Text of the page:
Households pay tab for £50bn of posties’ pensions: Liabilities were stealthily dumped on state when Royal Mail was privatised a decade ago
Hefty: Royal Mail pension liabilities
Taxpayers are on the hook for more than £50billion of postal workers’ pensions, The Mail on Sunday can reveal.
The liabilities were stealthily dumped on the state when Royal Mail was privatised a decade ago under David Cameron’s government, which was last night accused of ‘a deplorable sleight of hand’.
Royal Mail, since renamed International Distribution Services, was floated on the stock market in 2013. But its share price has slumped amid strikes that are costing it more than £1million a day.
The potential bill to meet future pensions has soared since privatisation from £38billion to £51billion. Former Chancellor George Osborne used the Royal Mail pension fund’s assets to reduce short-term Government debt.
This netted £17billion. But a big chunk of Royal Mail assets – Government IOUs known as gilts – were given back to the Treasury for free, leading to an £11billion loss for taxpayers.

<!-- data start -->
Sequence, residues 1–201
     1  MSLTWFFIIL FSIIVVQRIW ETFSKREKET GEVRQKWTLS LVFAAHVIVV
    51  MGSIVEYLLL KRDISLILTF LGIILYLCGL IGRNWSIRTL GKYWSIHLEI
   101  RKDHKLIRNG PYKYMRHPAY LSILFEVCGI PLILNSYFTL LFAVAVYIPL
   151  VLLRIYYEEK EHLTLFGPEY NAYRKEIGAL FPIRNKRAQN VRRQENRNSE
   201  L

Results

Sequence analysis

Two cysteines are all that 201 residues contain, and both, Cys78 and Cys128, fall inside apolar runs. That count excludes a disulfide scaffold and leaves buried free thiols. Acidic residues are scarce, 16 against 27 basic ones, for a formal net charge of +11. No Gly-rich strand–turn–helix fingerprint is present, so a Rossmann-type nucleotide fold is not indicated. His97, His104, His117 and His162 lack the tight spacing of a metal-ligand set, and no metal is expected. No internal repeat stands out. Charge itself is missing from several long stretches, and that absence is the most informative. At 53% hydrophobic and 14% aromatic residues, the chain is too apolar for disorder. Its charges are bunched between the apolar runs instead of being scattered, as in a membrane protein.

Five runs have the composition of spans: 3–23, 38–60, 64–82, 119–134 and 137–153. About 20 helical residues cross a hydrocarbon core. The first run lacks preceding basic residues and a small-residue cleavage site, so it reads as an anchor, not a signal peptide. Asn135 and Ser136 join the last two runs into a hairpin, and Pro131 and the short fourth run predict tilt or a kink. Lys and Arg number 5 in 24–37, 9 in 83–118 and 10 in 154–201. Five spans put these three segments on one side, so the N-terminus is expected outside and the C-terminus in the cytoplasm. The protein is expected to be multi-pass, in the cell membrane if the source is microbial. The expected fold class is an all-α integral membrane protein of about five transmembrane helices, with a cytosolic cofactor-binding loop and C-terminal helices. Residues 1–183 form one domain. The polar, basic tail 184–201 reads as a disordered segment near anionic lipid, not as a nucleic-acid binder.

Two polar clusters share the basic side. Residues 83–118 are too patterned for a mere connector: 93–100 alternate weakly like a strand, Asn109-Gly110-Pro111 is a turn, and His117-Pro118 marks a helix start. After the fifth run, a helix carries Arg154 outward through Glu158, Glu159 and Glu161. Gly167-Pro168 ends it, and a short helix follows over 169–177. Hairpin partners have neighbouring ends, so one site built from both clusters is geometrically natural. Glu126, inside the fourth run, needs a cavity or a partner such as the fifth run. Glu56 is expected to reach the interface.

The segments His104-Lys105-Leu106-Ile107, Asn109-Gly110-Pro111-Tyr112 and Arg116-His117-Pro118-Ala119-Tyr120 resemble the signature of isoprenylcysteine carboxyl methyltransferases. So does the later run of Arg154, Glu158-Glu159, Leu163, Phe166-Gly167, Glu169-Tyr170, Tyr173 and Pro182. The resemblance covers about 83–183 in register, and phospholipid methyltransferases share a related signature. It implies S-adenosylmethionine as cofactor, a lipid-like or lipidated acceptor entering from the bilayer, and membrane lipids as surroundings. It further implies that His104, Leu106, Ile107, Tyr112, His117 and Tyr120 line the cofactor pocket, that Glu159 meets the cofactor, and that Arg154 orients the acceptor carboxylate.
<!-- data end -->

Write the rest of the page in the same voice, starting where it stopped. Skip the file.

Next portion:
‘The Government takeover of the Royal Mail pension fund to allow the privatisation was a deplorable sleight of hand,’ said Neil Record, chairman of the Institute of Economic Affairs. Removing legacy pension costs from Royal Mail’s balance sheet made the shares more attractive to investors. But it also made the company more vulnerable to predators because a big pension fund deficit would have acted as a ‘poison pill’.
Czech tycoon Daniel Kretinsky has built up a 23 per cent stake in Royal Mail. He is rumoured to be plotting a break-up that would involve splitting the profitable European packages division from the loss-making parcels and letters.
The pension liabilities of the largest public sector schemes exceed £2trillion – almost as much as the total annual output of the UK economy. ‘All of this will have to be paid by future taxpayers,’ said Record.
Government spokesman said: ‘The decision to assume responsibility for the Royal Mail Pension Plan successfully secured the safety of the fund for employees and facilitated private sector investment.’